The fast-paced, interconnected world in which we have all been living for the last decade or so prides itself on its focus on productivity. From improved worker training to digitalization, businesses will do anything to increase productivity and improve the bottom line. But what we don’t realize is that all of this focus on worker productivity actually pushes them to make decisions and form habits that directly compete with their ability to be productive.
Neuroscience is repeatedly proving that the brain needs downtime in order to recharge energy levels, focus, regain motivation, and solidify memories. The creative, problem-solving parts of the brain are also found to be more active when we daydream, and periods of unconscious thought actually improve decision making.
But this is hardly a new concept. Aristotle celebrated the value of leisure as a cornerstone of intellectual enlightenment, and many periods of astounding intellectual, philosophical, and engineering advancement emerged from “salon” culture and social clubs; these meetings of seemingly idle minds were in fact crucibles of creativity and achievement.
We have likely all, at some point, smashed face first into the solid wall of cerebal congestion, the traffic jam of the mind where so much information demands to be processed that everything just grinds to a halt. It has many names and gradations, from “feeling fuzzy” to burnout, but the root cause is an imbalance in active vs. passive processing, and it leads to an ever-growing task list.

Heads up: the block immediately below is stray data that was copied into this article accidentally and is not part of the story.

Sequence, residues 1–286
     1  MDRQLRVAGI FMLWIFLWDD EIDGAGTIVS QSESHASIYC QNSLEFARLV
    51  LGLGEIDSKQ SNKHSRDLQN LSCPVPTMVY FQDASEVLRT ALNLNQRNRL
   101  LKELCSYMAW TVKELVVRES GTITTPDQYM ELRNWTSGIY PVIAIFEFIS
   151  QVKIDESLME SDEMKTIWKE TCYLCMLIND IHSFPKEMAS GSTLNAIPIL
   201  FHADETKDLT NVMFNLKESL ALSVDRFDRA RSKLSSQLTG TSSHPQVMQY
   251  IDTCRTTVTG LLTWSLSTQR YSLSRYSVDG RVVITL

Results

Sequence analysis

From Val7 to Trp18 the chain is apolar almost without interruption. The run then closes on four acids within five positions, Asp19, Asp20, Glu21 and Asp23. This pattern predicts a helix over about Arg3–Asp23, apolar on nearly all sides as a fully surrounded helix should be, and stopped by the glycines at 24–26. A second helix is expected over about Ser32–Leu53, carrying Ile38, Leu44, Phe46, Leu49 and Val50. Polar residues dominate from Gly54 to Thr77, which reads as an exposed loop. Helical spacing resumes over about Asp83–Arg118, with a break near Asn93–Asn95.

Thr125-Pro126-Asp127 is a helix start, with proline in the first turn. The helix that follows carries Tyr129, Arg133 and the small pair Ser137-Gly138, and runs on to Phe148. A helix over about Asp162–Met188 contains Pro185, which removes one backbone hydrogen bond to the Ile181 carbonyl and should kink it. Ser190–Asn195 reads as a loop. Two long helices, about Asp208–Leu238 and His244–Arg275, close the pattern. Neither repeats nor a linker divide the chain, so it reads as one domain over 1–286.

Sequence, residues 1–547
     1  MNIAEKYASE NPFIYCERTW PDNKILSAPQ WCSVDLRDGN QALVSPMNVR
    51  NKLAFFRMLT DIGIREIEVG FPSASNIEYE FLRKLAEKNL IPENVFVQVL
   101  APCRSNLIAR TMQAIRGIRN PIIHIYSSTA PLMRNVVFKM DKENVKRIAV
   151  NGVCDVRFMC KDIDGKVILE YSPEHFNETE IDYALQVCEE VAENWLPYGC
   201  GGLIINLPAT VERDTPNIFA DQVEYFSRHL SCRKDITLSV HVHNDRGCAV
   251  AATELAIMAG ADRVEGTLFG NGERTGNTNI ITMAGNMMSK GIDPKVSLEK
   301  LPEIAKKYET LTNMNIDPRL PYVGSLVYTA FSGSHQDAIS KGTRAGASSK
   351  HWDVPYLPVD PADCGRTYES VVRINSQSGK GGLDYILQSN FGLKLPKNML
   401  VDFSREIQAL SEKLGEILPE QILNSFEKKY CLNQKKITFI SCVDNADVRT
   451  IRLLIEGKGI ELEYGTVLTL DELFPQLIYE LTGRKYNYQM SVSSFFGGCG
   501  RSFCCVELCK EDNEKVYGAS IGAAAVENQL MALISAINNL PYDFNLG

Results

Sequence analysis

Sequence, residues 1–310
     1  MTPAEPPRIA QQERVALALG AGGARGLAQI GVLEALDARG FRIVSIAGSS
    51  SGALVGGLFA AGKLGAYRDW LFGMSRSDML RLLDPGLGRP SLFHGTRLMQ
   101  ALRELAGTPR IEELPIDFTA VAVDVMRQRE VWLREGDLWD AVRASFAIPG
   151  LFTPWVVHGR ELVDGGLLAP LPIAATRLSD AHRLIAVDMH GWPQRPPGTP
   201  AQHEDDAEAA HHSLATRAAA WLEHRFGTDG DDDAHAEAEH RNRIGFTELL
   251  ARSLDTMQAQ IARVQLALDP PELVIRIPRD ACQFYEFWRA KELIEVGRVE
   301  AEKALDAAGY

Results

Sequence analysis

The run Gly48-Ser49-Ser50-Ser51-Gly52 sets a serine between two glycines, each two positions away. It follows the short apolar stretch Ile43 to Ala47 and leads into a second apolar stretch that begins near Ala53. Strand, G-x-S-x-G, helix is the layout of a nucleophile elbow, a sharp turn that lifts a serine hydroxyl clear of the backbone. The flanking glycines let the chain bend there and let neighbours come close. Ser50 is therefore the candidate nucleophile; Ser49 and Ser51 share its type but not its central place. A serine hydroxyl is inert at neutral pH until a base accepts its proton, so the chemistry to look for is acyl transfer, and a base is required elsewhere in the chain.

Functional MRI scans show that the brain has a special region, the Default Mode Network (DMN), that lights up like Christmas when we are seemingly idle, when it is engaging in the solidification of identity and memories, the subconscious processing of problems, and the interconnection of experiences. This is where we get epiphanies that seem to come from nowhere.
“Idleness is not just a vacation, an indulgence, or a vice; it is as indispensable to the brain as vitamin D is to the body, and deprived of it we suffer a mental affliction as disfiguring as rickets,” essayist Tim Kreider wrote in The New York Times. “The space and quiet that idleness provides is a necessary condition for standing back from life and seeing it whole, for making unexpected connections and waiting for the wild summer lightning strikes of inspiration—it is, paradoxically, necessary to getting any work done.”
Studies conducted in conjunction with several Fortune 500 companies have shown that, despite initial worker fears that it would just postpone work, changes to expected work paradigms (such as not working from home in the evenings, not working on weekends, or even instituting a four-day work week), when embraced by workers and leadership, dramatically improved productivity, willingness to work, pride in accomplishments, and job and life satisfaction. It also sharpened concentration, attention, and performance on a wide range of tasks.
Deliberate periodic rest must be just that – deliberate. You must carve out the time, set boundaries, and enforce them (even to yourself), since you’re unlikely to find free time that just falls gently into your lap. You can take small steps (but not too small) to give your brain a break and commit to a program, such as committing to not working on Monday-Wednesday evenings, for just a month.
But even smaller adjustments can have a big impact. Ten-minute micronaps, meditation, or mindfulness are proven to show incredible results, and short breaks to let your mind wander can greatly improve focus and allow your brain to recharge. Walk in a green space during your lunch break or watch nature videos if you don’t have access.
Figure out how to set your brain free periodically, and it will reward you. It turns out that idleness is not the devil’s workshop but rather the creative, innovative, problem-solving, life-loving brain’s workshop!